© 1999 by VIAs Inc.
The structure at right leads to Clark's name.
It is part of the wooden stairway and walkway to the top.
Bird's Eye View
to see labels, point to the image.
© 2001 Jim Wark Airphoto
Copies of Jim Wark's aerial photos of the Lewis and Clark Trail
are available direct from AIRPHOTO North America.
Photo © Jim Wark
Where the Mountain Lion Sits
Burton Pretty On Top
Burton Pretty On Top, a member of the Crow Nation, relates his peoples' legend about the landmark they call iish-biia ah-naac'he', and describes its significance to them in the social, political, and economic history of the lower Yellowstone Valley.
At four in the afternoon of July 25, 1806, Clark and his contingent of nine men, plus York, Toussaint Charbonneau, Sacagawea, and little Jean Baptiste, arrived at "a remarkable rock Situated in an extensive bottom, on the Star[boar]d. [south] Side of the river & 250 paces from it." That landmark can hardly be seen from the river today, for Cottonwood trees, their seedlings no longer fodder for Indians' horses, have filled in the broad riverbank between.
Clark measured the rock's circumference at 400 paces, or about 1,200 feet, and estimated its height at 200 feet. The first dimension was fairly accurate, but the height was off by about 40 percent. Even today, having apparently suffered but little erosion, or even perhaps grown a few inches with humus from dead grass and shrubs, it reaches 121.88 feet or 127.42 feet, depending on the side from which one measures it.1 Climbing to the summit of this "lightish Coloured gritty rock"—actually sandstone of the Cretaceous Hell Creek Formation—Clark found "a tolerable Soil of about 5 or 6 feet thick Covered with Short grass," and took notes on the "most extensive view in every direction."
The Indians have made 2 piles of Stone on the top of this Tower. The natives have ingraved on the face of this rock the figures of animals &c. near which I marked my name and the day of the month & year.
Clark named it "Pompy's Tower," in honor of the Charbonneaus' young son, who sometime that summer had acquired the nickname Pomp. On his map, he named that large brook "River Baptieste" after Sacagawea's 17-month-old son, adding parenthetically, "almost dry."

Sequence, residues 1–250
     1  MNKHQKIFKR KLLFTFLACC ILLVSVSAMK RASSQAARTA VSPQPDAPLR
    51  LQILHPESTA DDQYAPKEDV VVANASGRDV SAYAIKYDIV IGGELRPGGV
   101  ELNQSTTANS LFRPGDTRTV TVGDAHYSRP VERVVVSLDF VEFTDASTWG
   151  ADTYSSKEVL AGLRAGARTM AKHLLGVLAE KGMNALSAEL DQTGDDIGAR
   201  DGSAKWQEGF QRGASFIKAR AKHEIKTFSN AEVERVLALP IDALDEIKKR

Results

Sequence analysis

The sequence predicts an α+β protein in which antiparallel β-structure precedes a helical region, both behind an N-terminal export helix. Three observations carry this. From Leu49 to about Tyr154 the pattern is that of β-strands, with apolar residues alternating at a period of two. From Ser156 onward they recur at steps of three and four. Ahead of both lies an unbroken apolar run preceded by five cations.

A Most Extensive View
On July 25, 1806, William Clark describe the view from atop Pompy's Tower:
From the top of this Tower I could discover two low Mountains & the Rocky Mts. Covered with Snow S W. One of them appeared to be extencive and bore S. 15° E. about 40 miles. The other I take to be what the Indians Call the Little wolf Mtn. I can only see the Southern extremity of it which bears N 55° about 35 Miles. The plains to the South rise from the distance of about 6 miles the width of the bottom gradually to the mountains in that derection. A large Creek with an extencive Vally the direction of which is S. 25° E. meanders boutifully through this plain.
The "Rocky Mts Covered with Snow S W." may refer to the Pryor Mountains an island range of arched crustal uplifts separated from the higher and more imposing Beartooth Mountains to the west by the valley of the Clark's Fork of the Yellowstone. The north half of the Pryors is within the Crow Indian Reservation; the southern half includes the 32,000-acre Pryor Mountains Wild Horse Range, one of only two such preserves in the U.S.
The "Little Wolf Mtn." the Mandans and Hidatsas evidently told him about may be Dunn Mountain, the "Southern extremity" of the isolated Bull Mountains.
On the Northerly Side of the river high romantic Clifts approach & jut over the water for Some distance both above and below.
Geologists believe Pompeys Pillar2 once was connected to those "romantic Clifts" until it was separated from them when the oxbow on which it stood was cut through at the base of its bend by a much larger Yellowstone River.